In an effort to slow stormwater in a more environmentally friendly way, BART stations across the San Francisco Bay Area have been implementing rain gardens and bioswales to capture stormwater.
The rain gardens, which are areas of vegetation meant to absorb rainwater and filter out pollutants before it continues on to local water bodies, all use plants native to the Bay Area, according to a BART press release. Bioswales operate similarly, channeling and slowing stormwater to local water bodies while plants and soil filter it.
“Plant roots also create conditions in the soil that promote infiltration and support microbes that further reduce pollutants,” said BART representative James Allison in an email. “The plants in the rain gardens also provide essential habitats for insects and birds.”
Some plants populating these fixtures include strawberry trees, western redbuds and California poppies.
The press release states that the gardens are currently found at the Richmond Intermodal, Warm Springs Station, Berkeley Plaza, Lafayette Intermodal, El Cerrito del Norte and the Antioch parking lot. According to Allison, these installations are meant to advance regional sustainability.
“The rain gardens and bioswales performed as designed,” Allison said in the email. “For example, at Lafayette Station, storm runoff from the parking lot was filtered by rain gardens and flowed into storm drains that release into Happy Valley Creek.”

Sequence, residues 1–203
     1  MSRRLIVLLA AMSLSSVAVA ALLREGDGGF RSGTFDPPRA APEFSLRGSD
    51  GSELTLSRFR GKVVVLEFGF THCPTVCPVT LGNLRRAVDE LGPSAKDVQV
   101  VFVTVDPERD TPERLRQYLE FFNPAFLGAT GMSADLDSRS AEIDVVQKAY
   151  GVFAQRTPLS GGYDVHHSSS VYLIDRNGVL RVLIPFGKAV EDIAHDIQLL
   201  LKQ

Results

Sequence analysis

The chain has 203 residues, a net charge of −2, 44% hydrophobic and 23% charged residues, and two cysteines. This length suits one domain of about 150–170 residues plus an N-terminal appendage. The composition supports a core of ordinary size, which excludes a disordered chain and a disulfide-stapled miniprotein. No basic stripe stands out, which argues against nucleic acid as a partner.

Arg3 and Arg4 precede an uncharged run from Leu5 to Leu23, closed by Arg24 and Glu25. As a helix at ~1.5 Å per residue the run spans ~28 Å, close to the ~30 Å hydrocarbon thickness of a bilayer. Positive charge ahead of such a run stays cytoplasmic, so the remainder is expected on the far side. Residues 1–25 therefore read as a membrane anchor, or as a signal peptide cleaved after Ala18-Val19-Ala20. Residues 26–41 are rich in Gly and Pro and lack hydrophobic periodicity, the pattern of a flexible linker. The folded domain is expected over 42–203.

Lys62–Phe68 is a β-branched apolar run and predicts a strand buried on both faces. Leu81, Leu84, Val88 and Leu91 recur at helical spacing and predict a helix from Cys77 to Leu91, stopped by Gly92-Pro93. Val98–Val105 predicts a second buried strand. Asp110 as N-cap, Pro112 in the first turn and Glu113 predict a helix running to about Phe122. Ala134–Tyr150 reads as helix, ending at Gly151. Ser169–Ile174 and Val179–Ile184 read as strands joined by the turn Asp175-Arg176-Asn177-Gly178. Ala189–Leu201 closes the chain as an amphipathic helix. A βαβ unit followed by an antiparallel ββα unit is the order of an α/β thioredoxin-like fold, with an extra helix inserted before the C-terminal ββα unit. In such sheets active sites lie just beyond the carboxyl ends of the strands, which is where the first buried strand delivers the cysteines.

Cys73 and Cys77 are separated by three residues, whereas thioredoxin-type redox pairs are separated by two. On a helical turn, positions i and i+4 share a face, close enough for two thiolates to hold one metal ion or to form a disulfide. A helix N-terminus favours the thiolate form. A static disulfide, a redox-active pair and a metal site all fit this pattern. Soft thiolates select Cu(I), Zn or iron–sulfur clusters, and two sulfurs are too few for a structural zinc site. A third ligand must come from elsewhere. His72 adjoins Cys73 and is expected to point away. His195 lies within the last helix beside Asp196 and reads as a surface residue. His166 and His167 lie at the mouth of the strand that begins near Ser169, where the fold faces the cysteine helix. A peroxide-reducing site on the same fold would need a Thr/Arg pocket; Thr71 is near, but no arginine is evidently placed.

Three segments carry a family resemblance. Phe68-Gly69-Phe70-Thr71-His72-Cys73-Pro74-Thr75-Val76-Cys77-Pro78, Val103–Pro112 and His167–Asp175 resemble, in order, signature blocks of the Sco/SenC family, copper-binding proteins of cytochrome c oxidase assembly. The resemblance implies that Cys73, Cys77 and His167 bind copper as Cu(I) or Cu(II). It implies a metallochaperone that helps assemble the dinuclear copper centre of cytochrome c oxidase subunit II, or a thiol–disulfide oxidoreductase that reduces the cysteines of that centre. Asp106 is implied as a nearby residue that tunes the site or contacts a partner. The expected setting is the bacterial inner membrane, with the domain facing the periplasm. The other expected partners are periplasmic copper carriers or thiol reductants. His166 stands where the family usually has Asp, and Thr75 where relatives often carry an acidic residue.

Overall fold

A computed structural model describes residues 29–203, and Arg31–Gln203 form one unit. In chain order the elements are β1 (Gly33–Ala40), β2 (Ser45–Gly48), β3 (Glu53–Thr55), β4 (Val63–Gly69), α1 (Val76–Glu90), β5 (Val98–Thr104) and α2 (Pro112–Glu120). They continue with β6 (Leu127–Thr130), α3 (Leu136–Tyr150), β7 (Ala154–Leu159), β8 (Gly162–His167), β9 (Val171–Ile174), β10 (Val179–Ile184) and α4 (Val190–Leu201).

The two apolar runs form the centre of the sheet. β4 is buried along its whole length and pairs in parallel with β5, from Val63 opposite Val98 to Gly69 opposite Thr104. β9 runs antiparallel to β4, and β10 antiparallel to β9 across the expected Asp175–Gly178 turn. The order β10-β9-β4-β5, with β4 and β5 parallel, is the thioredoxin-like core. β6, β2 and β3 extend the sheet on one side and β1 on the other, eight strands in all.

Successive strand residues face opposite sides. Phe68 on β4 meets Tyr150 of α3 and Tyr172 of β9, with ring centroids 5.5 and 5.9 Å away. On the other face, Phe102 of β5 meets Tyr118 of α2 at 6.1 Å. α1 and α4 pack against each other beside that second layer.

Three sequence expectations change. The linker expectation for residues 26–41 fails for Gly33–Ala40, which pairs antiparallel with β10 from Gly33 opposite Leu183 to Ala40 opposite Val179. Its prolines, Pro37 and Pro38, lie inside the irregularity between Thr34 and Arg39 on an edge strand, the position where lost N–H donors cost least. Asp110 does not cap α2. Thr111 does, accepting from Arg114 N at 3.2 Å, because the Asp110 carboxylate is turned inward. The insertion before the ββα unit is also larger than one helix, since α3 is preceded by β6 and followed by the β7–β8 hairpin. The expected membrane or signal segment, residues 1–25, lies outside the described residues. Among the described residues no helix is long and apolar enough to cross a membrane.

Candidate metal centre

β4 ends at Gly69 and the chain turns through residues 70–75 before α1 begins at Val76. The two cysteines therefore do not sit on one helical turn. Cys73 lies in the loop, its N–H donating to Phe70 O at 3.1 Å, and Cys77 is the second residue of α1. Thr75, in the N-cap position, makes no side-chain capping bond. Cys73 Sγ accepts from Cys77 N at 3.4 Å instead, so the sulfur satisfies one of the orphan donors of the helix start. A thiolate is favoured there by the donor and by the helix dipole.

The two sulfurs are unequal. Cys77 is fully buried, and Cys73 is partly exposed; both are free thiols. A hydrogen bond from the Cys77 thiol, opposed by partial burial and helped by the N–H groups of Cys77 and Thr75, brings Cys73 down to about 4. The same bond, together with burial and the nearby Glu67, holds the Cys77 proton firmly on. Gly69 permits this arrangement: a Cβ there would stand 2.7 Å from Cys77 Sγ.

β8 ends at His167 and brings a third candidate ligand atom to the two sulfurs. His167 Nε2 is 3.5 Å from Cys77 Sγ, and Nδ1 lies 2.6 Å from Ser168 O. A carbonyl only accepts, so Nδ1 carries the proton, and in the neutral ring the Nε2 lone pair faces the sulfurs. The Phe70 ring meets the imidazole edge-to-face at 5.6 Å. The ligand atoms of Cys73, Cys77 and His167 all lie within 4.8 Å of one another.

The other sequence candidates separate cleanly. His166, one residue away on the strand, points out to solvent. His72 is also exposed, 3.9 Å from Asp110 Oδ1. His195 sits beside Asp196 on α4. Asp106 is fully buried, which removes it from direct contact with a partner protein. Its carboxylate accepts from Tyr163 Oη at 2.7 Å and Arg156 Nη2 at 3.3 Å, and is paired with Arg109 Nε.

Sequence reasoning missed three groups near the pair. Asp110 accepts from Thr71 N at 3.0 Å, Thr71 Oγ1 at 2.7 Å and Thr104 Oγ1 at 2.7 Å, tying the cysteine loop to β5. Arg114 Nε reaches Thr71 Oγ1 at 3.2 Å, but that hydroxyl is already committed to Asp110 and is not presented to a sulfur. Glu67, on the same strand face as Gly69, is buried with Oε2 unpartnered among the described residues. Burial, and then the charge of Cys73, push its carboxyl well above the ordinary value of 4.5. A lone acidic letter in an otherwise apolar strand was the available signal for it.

Additionally, Lafayette Station has installed permeable pavement that allows rainwater to seep into the ground and prevent flooding, according to the press release. BART stations all around have also been using drought-resistant plants and irrigation systems, as well as recycling systems for water being used to wash their train cars.
On the passenger side of the issue, the press release includes suggestions for consumers to travel more sustainably, noting that using reusable travel mugs, avoiding printed tickets at the station and ensuring regular maintenance and washing of cars used to get to BART stations are all potential methods of becoming more individually eco-friendly.
Local organizations such as The Watershed Project hope to construct more bioswales and rain gardens across Richmond and San Pablo in the future, since they absorb 30% more stormwater into the ground than conventional lawns, according to its website.
“Bioswales and rain gardens are critical means of reducing runoff into the Bay and serve to promote biodiversity,” said District 4 Councilmember Kate Harrison in an email. “It is important to use native plants to support biodiversity and our local ecosystem.”